As a photographer, which is worst?

Discussion in 'Ethics and Philosophy' started by Mainecoonmaniac, Apr 19, 2018.

  1. Mainecoonmaniac

    Mainecoonmaniac Subscriber
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    The Dunning Kruger Effect or the Imposter Syndrome?

    But I wonder if I smeared lemon juice on my face, I'd be a better photographer?

    Enjoy the video!

     
  2. jim10219

    jim10219 Member
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    For the photographer, Imposter Syndrome is worse. Not believing in yourself can have a terrible effect on your work. You're better off thinking you're better than you are because sometimes you'll accidentally succeed even when failure was much more likely. Plus, in today's world, there's very little consequence for failing. It's pretty easy to control your image online, assuming you don't go viral in a negative way, and word of mouth is a lot better tool for promotion than negative persuasion. On top of all of that, price and branding are probably your biggest assets as a photographer. The average Joe doesn't know the difference between a good photo and a bad one, but they sure know the difference between a cheap photo and an expensive one. And if your website and business card/office say "professional", they'll probably be inclined to agree.

    For the client, Dunning-Kruger is worse. Clients are always happier if you under promise and over deliver. Sure, there's something to be said about talking up a bad product to the client to get them to like it. But I'm sure they'll eventually compare your photos to other ones like it and eventually decide on their own if it was worth the money or not.

    In any case, greatness doesn't come from comparing yourself to others. It comes from constantly striving to do better than you've done before. So it's probably best to not worry about how good or bad you are, but rather just focus on how you can improve. Life's a journey, not a destination. So treating it like a race against others won't help you because there's no finish line to cross. The goal is to each day get a little further down your path.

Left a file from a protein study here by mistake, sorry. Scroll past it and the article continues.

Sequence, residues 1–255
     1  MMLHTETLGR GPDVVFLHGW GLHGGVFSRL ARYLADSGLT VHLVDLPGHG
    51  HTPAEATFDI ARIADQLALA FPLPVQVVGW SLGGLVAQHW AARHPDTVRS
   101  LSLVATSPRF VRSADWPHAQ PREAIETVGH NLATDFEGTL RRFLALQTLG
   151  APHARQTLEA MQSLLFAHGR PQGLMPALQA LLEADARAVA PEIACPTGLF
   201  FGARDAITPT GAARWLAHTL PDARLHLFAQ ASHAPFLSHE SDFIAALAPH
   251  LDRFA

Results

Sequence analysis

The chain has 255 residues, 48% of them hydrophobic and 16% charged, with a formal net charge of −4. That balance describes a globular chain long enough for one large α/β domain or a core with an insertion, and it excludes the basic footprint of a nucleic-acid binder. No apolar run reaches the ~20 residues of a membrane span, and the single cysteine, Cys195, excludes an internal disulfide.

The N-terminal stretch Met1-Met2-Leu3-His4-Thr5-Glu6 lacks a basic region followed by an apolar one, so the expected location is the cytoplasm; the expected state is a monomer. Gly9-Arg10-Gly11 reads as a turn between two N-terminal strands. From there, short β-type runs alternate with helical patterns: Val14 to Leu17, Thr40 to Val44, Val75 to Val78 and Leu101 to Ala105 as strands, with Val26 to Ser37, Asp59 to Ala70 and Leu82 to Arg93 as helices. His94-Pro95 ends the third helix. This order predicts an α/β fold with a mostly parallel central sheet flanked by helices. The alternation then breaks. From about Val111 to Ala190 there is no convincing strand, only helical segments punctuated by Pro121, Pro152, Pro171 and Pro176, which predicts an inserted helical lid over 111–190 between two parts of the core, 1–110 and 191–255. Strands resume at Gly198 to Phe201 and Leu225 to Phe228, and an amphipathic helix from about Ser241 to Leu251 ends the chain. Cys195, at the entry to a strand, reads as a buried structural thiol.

3. Helios 1984

    Helios 1984 Member

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    When I began to use a dSLR, I was hanging out on a computer forum with a section dedicated to photography. There was a few Pro hanging there, the kind who studied photography and couldn't bare to see amateurs using cameras, the kind who shut you down each time you post something they deem crap (About everything which wasn't posted by them). Needless to say that it was a destructive environment, I stopped to share my pictures and it took me a few years to start doing it again. I eventually realized that my pictures didn't need to be contest material, they didn't need to be perfect, they just needed to please me even if only a little. This (and not paying attention to elitist shenanigans) helped to get confidence and to improve.